Sunday, July 25, 2010
Jean Rollin had all but completed his tenure in the adult film world when he shot his final "Michel Gentil" production in 1979, Introductions Perverse. The adult films that he made, a few of which I have already covered here, were mostly shot for strictly financial reasons but Rollin had admitted later that he, and many of his peers, had viewed making the adult films of the seventies as a, "kind of revolution", celebrating the fact that they could now, "film what had always been forbidden." It was perhaps with that spirit in mind that Rollin returned briefly to the world of adult moviemaking with 1994's Le Parfum de Mathilde (typically translated as The Scent of Mathilda for English-language audiences).
Initially just brought on board by French producer Marc Dorcel (who was looking for an experienced director to take the place of the his in-house auteur Michele Ricaud, who had just recently passed away) as a screen writer, Jean would end up co-directing the made for video title as well. He would tell Peter Blumenstock in Virgins and Vampires and in the pages of Video Watchdog that he had indeed, "co-directed the film, though only Dorcel is credited." Rollin would also admit to Blumenstock that he wasn't, "too sad about it", as he would ultimately come to view the final product as just a "typical" adult title and, "not a good film at all", despite his initial ambitious intentions.
Centering on a young virginal bride named Agnes, who has been brought to a large countryside Parisian chateau by her new husband Remy to take the place of his former wife, the sexually adventurous Mathilda, The Scent of Mathilda is a an absolute step-above most adult films from the period but it's ultimately nowhere as interesting as Rollin had intended it to be. Pete Tombs would write, in his splendid look at the film in pages of Flesh and Blood, that Rollin's original script, "contains echoes from a whole range" of past literary and cinematic works including Beauty and the Beast, Belle De Jour and Rollin's own most ambitious adult feature, 1975's Phantasmes. Tombs would also correctly note that despite all these lofty influences, The Scent of Mathilda is finally just, "efficient, well-planned and workmanlike." The Scent of Mathilda is, at its core, just a sex film but it has enough very scattered "Rollinisms" to make it worth tracking down for major fans who are willing to give his adult works a look.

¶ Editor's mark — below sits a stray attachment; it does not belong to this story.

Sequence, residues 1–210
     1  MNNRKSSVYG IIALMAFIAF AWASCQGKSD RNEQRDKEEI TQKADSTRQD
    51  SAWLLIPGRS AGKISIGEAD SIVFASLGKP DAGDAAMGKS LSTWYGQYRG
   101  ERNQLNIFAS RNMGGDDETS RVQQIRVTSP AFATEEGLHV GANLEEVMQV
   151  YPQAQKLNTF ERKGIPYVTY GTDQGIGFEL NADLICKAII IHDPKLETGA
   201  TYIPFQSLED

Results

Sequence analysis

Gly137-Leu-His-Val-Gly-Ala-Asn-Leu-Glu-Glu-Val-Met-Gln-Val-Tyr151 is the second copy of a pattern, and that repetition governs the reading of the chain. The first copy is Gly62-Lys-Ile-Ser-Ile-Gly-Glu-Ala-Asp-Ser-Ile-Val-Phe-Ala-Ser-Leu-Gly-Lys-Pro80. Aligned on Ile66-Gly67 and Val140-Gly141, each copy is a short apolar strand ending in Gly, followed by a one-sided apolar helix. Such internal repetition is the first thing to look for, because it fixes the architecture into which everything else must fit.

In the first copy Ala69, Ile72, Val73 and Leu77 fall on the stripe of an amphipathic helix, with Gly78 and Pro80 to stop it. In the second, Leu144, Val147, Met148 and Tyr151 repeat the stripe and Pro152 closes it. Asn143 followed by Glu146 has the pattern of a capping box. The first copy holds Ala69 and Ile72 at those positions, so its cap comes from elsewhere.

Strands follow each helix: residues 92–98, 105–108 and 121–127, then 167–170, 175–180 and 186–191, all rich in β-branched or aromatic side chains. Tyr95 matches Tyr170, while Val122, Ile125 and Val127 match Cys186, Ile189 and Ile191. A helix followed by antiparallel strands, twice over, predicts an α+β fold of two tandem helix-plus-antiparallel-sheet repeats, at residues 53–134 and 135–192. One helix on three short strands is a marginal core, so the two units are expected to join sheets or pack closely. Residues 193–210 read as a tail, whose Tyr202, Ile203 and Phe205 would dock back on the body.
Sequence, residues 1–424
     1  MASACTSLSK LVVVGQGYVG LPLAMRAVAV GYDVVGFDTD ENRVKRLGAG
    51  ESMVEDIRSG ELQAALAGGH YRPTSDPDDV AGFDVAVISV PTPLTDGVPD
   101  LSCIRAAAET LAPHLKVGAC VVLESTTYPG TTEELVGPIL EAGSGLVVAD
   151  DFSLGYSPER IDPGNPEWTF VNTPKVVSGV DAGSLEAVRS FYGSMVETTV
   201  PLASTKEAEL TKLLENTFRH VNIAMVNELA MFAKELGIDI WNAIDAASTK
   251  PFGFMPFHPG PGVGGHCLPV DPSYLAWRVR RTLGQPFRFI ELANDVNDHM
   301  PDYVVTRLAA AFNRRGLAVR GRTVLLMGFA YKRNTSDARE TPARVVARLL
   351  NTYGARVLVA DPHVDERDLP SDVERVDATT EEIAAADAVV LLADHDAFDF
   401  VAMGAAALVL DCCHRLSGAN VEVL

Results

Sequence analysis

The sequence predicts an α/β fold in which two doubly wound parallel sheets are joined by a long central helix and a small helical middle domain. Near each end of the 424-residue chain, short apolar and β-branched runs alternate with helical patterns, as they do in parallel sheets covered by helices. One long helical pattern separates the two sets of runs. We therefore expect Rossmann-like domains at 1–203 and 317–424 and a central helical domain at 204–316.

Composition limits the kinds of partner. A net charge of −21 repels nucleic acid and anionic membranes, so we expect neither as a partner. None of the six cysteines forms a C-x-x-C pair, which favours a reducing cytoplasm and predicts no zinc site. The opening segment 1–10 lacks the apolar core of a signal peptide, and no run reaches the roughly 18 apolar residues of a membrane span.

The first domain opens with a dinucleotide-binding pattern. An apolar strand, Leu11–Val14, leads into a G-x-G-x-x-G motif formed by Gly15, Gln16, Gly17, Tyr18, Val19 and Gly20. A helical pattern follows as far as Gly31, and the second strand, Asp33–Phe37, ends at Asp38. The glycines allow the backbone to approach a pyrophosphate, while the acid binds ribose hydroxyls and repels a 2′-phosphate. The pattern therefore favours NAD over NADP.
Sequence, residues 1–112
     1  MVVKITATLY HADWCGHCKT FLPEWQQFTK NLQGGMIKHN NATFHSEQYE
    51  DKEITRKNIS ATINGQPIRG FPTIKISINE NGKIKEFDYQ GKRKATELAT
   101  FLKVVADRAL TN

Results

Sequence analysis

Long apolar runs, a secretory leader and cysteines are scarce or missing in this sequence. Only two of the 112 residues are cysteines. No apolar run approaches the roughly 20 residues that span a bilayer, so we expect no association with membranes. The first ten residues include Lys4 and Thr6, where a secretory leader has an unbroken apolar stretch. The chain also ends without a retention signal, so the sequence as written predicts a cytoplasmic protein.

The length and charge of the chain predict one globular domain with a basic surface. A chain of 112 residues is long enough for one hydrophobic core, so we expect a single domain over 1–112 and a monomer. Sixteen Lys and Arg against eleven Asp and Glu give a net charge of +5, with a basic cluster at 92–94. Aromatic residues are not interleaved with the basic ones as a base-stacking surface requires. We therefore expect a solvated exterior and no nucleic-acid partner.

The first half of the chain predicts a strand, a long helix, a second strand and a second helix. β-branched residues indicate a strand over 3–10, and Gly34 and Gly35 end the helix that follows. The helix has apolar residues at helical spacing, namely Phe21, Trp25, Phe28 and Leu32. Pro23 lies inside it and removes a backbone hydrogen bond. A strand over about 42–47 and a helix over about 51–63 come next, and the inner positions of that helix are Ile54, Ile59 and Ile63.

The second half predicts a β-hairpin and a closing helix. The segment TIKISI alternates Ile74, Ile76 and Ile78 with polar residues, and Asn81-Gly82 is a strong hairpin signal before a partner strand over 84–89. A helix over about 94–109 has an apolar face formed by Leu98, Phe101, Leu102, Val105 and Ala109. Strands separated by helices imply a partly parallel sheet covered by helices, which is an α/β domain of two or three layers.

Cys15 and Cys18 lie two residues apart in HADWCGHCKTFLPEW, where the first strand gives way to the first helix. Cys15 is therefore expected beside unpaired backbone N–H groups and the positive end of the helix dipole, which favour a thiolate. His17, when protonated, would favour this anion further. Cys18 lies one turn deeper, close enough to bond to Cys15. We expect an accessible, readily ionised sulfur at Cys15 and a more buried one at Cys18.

Visually the film is an all-right viewing experience. My copy, which was supplied to me by a very kind reader, comes from an American VHS put out by the uber-succesful adult company Vivid in the mid-nineties. Technically it has nothing on the groundbreaking shot on film adult-titles of the seventies, or the more recent quite impressive digitally shot productions from the past several years. It's a competent piece of work, done no favors by Vivid's unfortunate dubbing, highlighted by Dorcel's serviceable score and the photography of Francois About, who does the best he can given the budget and time at his disposal.
Unlike Rollin's seventies adult features, the cast of The Scent of Mathilda doesn't offer up any familiar faces from Jean's canon. Fans of the European adult cinema of this period will no doubt recognize Christophe Clark, Draghixa, lovely Julie Chanel and the very memorable Erica Bella. Dorcel himself also appears in the film, as this is finally much more his baby than Rollins.
Shot just after the underrated Killing Car, The Scent of Mathilda stands as Rollin's last adult production. He would make a forceful return to the classic "Jean Rollin film" just a couple of years down the road with the impressive Two Orphan Vampires, and The Scent of Mathilda most likely stands as his farewell to a genre that helped finance many of his most personal and greatest productions but sadly did him few favors artistically.